Monday, June 25, 2007

The Nochi Krohn Band's "Ananim" (CD review)

You'd be hard pressed to hear this album in our apartment--but that's because I'm usually singing along at the top of my lungs! :)

Disclaimer: It's impossible for me to give a truly objective review of this album--as a former synagogue choir singer (alto), I'm a complete sucker for vocal harmony. :)

So when the band (brass, woodwinds, and all) comes in strong, then cuts off, and a trio of voices joins the party in a-capella harmony, singing a rockin' version of "Bor'cheinu, Avinu, kulanu k'echad, b'or panecha," I just eat it up. What a delicious take on "Sim Shalom!"

These guys don't play your (grand)father's Big Band music! Theirs is a delightful combination of Benny Goodman (twenty-first-century style) and Crosby, Stills and Nash with Hebrew lyrics.

Not everything on this album can be described as twenty-first-century Jewish Big Band music, though. The flute-accompanied folk-rock "Ki Heim Chayeinu" is beautifully simple enough to be almost a children's song. It's been in regular "rotation" in my head when I davven Maariv (pray the Evening Service). This song also shows this group's penchant for sharing the singing honors--not every harmony singer gets the honor of singing lead every now and then.

Another song that's been in regular "rotation" in my head is the very first song, "Ma Rabu," which I "hear" during Shacharit (the Morning Service). This starts out as a folk-rock piece with some very nice harmony singing, indeed, and finishes with brass and woodwind accompaniment. I like!

"Niggun Kineret" is a nice change of pace. It starts with middle-eastern influenced percussion, which continues throughout the song. Then the guitar launches into country-western mode. The middle section has some swingin' honky-tonk piano. Okay, the singing is Ashkenazi ay-yay-yay in three-part harmony, plain old-fashioned schmaltz. But the middle-eastern and country-western twists, not to mention the honky-tonk piano solo, elevate it a bit above the usual "shiny-shoe" (slick, over-orchestrated) music.

"U'vnei Yisrael halchu" is certainly one of the more unusual musical treatments of the crossing of the Reed Sea that I've ever heard. A little jazz, lots of harmony, plenty of brass and woodwinds, and a very fine musical "bridge" in the middle.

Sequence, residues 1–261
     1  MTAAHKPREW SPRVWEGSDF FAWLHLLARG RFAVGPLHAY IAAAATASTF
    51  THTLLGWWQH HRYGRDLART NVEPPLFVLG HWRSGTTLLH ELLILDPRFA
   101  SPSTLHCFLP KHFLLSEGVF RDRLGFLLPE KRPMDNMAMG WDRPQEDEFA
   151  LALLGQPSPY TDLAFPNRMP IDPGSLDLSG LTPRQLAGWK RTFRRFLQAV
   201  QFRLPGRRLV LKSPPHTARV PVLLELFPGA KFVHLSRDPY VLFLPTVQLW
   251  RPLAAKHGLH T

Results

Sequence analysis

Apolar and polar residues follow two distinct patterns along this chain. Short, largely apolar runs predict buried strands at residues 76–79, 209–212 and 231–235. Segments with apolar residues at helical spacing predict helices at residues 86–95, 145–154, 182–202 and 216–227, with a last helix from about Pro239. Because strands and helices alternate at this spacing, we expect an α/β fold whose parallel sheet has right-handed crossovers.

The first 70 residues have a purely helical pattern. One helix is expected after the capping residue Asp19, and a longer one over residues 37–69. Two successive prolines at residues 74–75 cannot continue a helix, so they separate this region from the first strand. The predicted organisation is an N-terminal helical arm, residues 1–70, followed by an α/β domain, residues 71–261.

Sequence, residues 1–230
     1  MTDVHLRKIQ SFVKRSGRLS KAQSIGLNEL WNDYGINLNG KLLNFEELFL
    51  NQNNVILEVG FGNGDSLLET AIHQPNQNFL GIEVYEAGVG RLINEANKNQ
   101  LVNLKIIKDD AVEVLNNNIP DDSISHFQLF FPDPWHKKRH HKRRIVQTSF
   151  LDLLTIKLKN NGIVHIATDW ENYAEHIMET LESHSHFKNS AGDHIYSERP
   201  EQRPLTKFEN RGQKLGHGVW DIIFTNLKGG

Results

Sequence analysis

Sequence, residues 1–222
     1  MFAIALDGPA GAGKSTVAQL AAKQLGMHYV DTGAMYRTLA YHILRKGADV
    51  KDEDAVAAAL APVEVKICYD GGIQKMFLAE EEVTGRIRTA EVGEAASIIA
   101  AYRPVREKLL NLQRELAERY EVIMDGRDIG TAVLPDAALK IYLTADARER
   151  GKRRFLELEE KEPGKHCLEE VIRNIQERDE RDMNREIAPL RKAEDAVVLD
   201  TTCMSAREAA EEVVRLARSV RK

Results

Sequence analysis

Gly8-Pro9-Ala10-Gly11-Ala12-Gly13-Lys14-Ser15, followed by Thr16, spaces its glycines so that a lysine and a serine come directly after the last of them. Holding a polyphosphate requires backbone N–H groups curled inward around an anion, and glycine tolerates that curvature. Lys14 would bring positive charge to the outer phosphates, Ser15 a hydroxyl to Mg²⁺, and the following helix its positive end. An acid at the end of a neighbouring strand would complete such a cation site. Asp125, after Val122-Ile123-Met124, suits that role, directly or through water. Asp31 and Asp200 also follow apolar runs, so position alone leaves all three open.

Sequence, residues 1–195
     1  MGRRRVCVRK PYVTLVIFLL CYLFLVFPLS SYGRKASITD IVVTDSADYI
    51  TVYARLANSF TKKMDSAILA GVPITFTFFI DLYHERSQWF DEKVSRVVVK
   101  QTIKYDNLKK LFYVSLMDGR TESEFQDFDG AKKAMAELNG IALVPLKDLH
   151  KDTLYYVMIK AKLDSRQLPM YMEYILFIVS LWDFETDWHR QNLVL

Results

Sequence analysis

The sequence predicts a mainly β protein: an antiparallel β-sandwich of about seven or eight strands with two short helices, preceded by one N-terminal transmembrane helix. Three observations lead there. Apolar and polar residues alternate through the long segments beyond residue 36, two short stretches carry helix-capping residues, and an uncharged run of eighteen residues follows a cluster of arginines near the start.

Sadly, the recording is not all fun and games. I generally tend to try to avoid thinking too much about some of the grimmer prayers found in Jewish tradition, so I would have made it a point to avoid listening to "V'nikeiti" too often. But the liner notes say that this song was written in memory of a man killed in a homicide bombing at a Jerusalem cafe while sitting at an outdoor table usually occupied by some of the band members.

On a more cheerful note, thank goodness the Krohn Brothers and their many musical friends who make up this band are kind enough to provide translations and/or explanations of all their songs. The title song, "Ananim," (the only one in Sefardi/Modern Israel Hebrew--I envy those who've mastered the ability to go back and forth between Ashkenazi and Sefardi Hebrew) is a real beauty, nicely written ("All songs composed and arranged by Nochi Krohn"), played, and sung. My compliments to the "chef," and company.

The last song, "Shalom," (oseh shalom bi-m'romav) is most notable not only for the country-western sound and the harmonies, but for the family feeling--it's a kick, hearing the vocal melody passed from one voice to a second and then to a third at the end, with a smashing three-part-harmony finish.

Many thanks to MOChassid--it was on "U'Shmuel B'korei Sh'mo," the album that he produced in memory of his father, Cantor Shmuel Ganz, that I was first introduced to the Nochi Krohn Band.

Nu, you still have a week to buy this album before the "Three Weeks." What are you waiting for?! :)


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